Most of the speculation circles around how to control the thing, and the predominant wisdom runs that an iPod Touch, iPhone, or iPad would be the logical choice to serve as controller. But with AirPlay, if you have these devices, you can stream through the ATV to your HDTV set now … so why would you need or want to have the ATV be the workhorse and relegate your other iOS device (with likely more computing power onboard) as mere controller? Or, looking at it the other way, spending $99 on the ATV and then $230, $300, $500 or more on a ‘controller’ does not make a lot of sense financially.
So this is my idea: take the Apple trackpad, pair it through Bluetooth to the ATV and use it as controller.
This would mean changing things a little bit:
this trackpad would need to include an onboard gyroscope and accelerometer
the variant of iOS on the ATV would have to be modified to include an onscreen cursor (more than one, actually)
You would control the trackpad with thumbs, moving the thing, tilting it. The onscreen cursor(s) show where your touches would affect the graphics onscreen. Tapping the trackpad would constitute a screen tap in iOS.
Adding the gyroscope and accelerometer to the trackpad adds to its cost. I could see that these could add usefulness to the trackpad with a Mac, though. Adding the cursors etc. to the ATV flavor of iOS would be harder to do. Maybe it would be too much.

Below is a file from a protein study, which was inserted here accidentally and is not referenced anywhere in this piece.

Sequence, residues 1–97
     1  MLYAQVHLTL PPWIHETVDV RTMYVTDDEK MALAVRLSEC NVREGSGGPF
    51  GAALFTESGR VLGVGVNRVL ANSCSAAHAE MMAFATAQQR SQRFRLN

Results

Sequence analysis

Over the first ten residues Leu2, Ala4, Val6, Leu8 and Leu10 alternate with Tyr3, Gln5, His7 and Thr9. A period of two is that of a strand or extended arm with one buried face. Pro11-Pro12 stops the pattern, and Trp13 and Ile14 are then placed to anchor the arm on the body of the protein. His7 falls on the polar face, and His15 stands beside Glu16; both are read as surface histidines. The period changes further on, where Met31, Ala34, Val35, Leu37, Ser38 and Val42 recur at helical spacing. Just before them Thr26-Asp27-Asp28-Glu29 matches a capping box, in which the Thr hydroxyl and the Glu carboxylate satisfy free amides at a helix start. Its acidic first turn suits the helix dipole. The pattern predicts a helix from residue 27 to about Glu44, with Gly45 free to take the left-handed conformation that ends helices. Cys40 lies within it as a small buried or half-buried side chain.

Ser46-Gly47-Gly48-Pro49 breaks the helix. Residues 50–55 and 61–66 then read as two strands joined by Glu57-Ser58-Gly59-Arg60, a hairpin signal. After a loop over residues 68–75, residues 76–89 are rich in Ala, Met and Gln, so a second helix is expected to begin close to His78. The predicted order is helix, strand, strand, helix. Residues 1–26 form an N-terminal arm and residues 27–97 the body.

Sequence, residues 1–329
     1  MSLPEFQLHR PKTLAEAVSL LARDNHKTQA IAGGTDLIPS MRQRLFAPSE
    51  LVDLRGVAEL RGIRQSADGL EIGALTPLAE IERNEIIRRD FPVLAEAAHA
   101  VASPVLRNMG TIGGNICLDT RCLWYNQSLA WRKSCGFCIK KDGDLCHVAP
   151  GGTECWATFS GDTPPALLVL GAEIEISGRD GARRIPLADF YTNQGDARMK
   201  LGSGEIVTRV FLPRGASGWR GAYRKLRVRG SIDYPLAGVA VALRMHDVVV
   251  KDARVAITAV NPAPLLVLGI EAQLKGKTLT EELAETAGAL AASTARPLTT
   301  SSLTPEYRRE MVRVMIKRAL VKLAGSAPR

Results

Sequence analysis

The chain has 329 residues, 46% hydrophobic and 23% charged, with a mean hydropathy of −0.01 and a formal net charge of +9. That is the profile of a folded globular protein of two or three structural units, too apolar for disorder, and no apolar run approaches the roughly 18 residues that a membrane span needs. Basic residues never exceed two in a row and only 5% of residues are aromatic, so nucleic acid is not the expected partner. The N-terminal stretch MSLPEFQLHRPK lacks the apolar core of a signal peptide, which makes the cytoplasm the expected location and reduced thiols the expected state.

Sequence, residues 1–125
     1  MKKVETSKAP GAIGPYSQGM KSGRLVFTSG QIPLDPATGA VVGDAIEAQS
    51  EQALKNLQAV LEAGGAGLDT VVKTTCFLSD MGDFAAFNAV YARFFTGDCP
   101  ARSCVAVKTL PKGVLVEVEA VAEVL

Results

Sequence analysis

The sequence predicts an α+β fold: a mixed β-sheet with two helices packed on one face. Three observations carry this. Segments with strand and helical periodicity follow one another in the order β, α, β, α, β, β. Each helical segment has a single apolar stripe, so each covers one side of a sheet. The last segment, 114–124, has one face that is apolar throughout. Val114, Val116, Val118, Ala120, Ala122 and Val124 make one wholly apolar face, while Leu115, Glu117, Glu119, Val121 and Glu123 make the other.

I still like the idea though.
Another thought: iOS v7 added support for external game controllers, and though the market is not great, and maybe the support Apple has offered so far is not very good, these things could be used with the ATV. I would imagine that going this route would not be feasible yet – it would need an iOS upgrade (v8 maybe) along with a decent list of games that support the controllers on iPads and iPhones, before bringing it along to the ATV.
Another problem for this whole concept is its complexity. Touching an iOS device is so simple and natural; that is the whole genius of doing without a stylus on a pentop computer. But the idea is getting complicated, even cumbersome, with all the special gestures now. Adding the game controller also Balkanizes the platform further (along with needing 1080p resolution support for the games).